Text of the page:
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Excel Fortress Ltd. v. VerlWilhelm

United States District Court, D. Arizona

August 13, 2019

Excel Fortress Limited, et al., Plaintiffs,
Vaughn La Verl Wilhelm, et al., Defendants.



         Pending before the Court are (1) Plaintiff EFG America, LLC's (“EFG”) Rule 56(d) motion to defer consideration of Defendant Vaughn La Verl Wilhlem's (“Wilhelm”) motion for summary judgment (Doc. 160) and (2) the parties' stipulation to stay depositions (Doc. 169). For the following reasons, EFG's motion will be denied and the parties' stipulation will be granted.


         Although this case once involved an array of different parties and claims, it now involves a single negligence claim by one plaintiff (EFG) against one defendant (Wilhelm).[1] Specifically, EFG alleges while Wilhelm was working for EFG “on a consultant basis, ” with “responsibilities” that “included acquiring the ingredients and overseeing the mixture of specialty chemical compounds required in [EFG's] devulcanization rubber technology operation, ” Wilhelm “negligently ordered the wrong amount of chemicals, the wrong chemicals and failed to order some chemicals entirely.” (Doc. 160 at 2.) As damages, EFG seeks to recover both the cost of the purportedly wasted chemicals and the consulting payments that were made to Wilhelm.

         On July 2, 2019, Wilhelm filed a motion for summary judgment on EFG's negligence claim. (Doc. 157.) In that motion, Wilhelm argues the negligence claim fails as a matter of law because (1) EFG failed to retain an expert and thus cannot establish the standard of care, (2) the claim arises from his work as an independent contractor and is thus barred by the economic-loss rule, (3) there is no causal connection between his purported negligence and the consulting payments, which would have been paid regardless of whether he performed in a negligent manner, and (4) the consulting payments were made to a pair of LLCs, not to him personally, so he can't be held liable for them. (Id.)

         On July 12, 2019, EFG filed a Rule 56(d) motion. (Doc. 160.) In a nutshell, EFG contends it should be allowed to depose Wilhelm before responding to his summary judgment motion. (Id.) EFG also identifies an array of questions it wishes to ask Wilhelm during his deposition (id. at 8-10) and contends its negligence claim doesn't require expert testimony and won't be barred by the economic-loss rule (id. at 7-8).[2]

         On July 17, 2019, Wilhelm filed an opposition to the Rule 56(d) motion. (Doc. 162.)

         On July 24, 2019, EFG filed a reply in support of its Rule 56(d) motion. (Doc. 163.)

         On August 8, 2019, the parties filed a “Joint Motion to Stay Depositions.” (Doc. 169.) In this motion, the parties ask for a stay of all deposition deadlines in this case “pending resolution of [EFG's] Motion to Defer (ECF No. 160) and, in the event the Motion to Defer is denied, pending resolution of [Wilhelm's] Motion for Summary Judgment (ECF No. 157).” (Id. at 2.) In support of this request, the parties state that “[a]lthough [EFG] seeks to take [Wilhelm's] deposition for purposes of [Wilhelm's] Motion for Summary Judgment, the Parties wish to avoid the unnecessary expenditure of time and resources of taking all depositions by both sides while di[s]positive motions are still pending and in the event the Court decides that [Wilhelm's] deposition is unnecessary to consideration of his Motion for Summary Judgment.” (Id.)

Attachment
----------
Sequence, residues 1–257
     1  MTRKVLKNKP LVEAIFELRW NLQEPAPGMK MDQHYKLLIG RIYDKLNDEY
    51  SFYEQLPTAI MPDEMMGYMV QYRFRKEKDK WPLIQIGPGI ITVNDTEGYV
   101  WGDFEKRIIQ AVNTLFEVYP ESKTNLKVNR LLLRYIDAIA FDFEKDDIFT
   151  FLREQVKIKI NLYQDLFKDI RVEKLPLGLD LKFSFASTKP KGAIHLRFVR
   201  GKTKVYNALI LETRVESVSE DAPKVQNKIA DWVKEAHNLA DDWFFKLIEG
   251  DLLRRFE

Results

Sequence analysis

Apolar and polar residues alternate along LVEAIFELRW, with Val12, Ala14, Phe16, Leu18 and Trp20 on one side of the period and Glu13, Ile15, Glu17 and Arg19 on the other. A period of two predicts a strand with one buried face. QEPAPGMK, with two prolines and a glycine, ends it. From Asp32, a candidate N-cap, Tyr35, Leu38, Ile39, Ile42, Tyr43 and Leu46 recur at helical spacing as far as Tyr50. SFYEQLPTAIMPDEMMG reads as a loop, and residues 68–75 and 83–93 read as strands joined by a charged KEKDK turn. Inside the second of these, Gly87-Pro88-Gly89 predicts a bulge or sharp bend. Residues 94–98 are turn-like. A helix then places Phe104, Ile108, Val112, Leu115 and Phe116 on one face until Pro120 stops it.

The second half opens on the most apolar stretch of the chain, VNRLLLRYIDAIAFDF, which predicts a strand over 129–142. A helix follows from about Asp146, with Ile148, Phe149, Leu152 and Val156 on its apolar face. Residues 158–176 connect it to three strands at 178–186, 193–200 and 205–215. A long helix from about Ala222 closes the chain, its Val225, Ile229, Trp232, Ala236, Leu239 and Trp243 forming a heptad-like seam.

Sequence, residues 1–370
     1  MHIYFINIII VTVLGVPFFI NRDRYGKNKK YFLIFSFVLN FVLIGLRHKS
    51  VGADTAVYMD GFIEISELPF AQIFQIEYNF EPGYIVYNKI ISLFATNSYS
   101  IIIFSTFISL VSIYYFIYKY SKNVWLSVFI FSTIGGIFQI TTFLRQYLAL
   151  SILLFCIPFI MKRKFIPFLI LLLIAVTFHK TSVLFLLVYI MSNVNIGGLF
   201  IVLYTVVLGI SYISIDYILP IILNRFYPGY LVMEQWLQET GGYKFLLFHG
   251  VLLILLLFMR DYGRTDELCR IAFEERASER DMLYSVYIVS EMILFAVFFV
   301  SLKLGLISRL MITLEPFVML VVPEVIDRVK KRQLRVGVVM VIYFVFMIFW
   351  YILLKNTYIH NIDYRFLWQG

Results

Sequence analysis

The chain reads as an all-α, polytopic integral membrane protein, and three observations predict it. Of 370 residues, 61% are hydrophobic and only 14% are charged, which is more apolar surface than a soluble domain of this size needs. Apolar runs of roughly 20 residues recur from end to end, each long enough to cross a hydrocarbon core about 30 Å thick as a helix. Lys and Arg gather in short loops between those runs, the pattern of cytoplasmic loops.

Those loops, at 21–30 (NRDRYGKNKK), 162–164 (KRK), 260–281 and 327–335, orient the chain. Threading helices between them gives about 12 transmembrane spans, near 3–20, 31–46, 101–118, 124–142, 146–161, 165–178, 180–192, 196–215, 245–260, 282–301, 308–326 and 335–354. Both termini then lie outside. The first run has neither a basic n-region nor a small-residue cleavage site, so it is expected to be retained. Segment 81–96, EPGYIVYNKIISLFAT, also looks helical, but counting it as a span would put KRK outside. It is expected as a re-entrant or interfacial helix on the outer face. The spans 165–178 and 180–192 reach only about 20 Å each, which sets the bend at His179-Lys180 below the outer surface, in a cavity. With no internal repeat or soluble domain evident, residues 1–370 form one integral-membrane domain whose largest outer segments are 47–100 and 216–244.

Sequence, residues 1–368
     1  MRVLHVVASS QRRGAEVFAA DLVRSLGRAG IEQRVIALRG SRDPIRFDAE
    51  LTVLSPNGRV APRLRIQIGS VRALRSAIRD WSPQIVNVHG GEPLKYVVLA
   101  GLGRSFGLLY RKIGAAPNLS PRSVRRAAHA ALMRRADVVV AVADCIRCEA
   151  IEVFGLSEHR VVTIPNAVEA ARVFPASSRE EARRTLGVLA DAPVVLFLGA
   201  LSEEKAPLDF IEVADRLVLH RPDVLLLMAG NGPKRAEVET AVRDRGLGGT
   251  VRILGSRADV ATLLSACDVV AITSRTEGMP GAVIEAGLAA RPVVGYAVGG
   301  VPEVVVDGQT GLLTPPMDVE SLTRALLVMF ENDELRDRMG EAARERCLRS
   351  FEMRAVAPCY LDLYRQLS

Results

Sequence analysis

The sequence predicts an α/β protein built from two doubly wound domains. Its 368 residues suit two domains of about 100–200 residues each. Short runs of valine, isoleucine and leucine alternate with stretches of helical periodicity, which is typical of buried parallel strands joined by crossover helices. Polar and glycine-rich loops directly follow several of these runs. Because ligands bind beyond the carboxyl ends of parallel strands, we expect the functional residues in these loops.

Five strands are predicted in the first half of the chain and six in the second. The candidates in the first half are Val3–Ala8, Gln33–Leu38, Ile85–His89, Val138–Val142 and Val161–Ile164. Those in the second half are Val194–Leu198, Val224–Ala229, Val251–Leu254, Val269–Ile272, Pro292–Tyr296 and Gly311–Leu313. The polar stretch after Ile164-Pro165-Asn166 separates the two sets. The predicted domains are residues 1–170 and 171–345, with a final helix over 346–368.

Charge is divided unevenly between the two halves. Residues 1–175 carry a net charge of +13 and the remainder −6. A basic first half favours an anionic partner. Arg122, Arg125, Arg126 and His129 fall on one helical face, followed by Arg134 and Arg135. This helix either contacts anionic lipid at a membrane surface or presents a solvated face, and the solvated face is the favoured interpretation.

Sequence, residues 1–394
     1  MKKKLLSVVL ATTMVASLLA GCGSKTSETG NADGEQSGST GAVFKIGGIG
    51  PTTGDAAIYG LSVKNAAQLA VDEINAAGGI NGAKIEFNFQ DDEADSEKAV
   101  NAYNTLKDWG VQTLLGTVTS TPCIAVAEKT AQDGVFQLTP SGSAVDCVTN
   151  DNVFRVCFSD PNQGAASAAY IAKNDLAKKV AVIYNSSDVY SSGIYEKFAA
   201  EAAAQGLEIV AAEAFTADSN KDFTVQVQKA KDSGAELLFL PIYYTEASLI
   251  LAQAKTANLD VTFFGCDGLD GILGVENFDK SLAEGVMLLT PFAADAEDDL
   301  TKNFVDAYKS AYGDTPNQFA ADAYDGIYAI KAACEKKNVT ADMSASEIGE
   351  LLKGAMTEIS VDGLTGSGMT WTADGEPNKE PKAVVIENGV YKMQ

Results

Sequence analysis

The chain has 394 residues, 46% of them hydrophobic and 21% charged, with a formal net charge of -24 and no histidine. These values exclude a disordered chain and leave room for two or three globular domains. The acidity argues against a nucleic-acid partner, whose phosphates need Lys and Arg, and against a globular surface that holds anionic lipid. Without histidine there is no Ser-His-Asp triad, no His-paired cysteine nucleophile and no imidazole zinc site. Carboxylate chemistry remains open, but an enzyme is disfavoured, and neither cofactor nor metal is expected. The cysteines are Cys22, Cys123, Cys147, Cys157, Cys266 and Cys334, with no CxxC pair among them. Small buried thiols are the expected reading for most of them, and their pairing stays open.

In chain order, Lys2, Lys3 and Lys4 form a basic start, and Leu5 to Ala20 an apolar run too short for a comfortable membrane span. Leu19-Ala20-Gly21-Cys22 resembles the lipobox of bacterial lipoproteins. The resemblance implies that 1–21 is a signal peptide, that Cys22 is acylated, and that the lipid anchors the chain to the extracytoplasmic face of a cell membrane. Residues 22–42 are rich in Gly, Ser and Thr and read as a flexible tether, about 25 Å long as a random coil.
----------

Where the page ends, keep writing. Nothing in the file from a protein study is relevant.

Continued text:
I. The Rule 56(d) Motion

         Rule 56(d) of the Federal Rules of Civil Procedure provides that “[i]f a nonmovant shows by affidavit or declaration that, for specified reasons, it cannot present facts essential to justify its opposition, the court may: (1) defer considering the motion or deny it; (2) allow time to obtain affidavits or declarations or to take discovery; or (3) issue any other appropriate order.” A party seeking relief under Rule 56(d) “must make clear what information is sought and how it would preclude summary judgment.” Margolis v. Ryan, 140 F.3d 850, 853 (9th Cir. 1998) (quotation omitted) (emphasis added). Thus, if the party seeking relief would lose at summary judgment even after obtaining the information at issue, the Rule 56(d) request should be denied. Midbrook Flowerbulbs Holland B.V. v. Holland Am. Bulb Farms, Inc., 874 F.3d 604, 619-20 (9th Cir. 2017) (affirming denial of Rule 56(d) motion because “the additional discovery that Holland America sought in its opposition to Midbrook's summary judgment motion” had “no bearing” on the legal issue that provided the foundation for the summary judgment motion).

         Here, EFG seeks a continuance under Rule 56(d) so it can depose Wilhelm before responding to his pending summary judgment motion. As explained below, this request will be denied because nothing Wilhelm might say in his deposition would preclude summary judgment-EFG's failure to obtain an expert means its negligence claim is doomed.

         The parties agree that EFG's negligence claim against Wilhelm is governed by Texas law. (Compare Doc. 157 at 3-4 [Wilhelm's MSJ, citing Texas law] with Docs. 160 at 7-8 and 163 at 4-5 [EFG's Rule 56(d) motion and reply, discussing Texas law on the need for expert testimony].) In Texas, “[e]xpert testimony is necessary when the alleged negligence is of such a nature as not to be within the experience of the layman.” FFETransp. Servs., Inc. v. Fulgham, 154 S.W.3d 84, 90 (Tex. 2004) (citation omitted). When conducting this inquiry, “Texas courts ...

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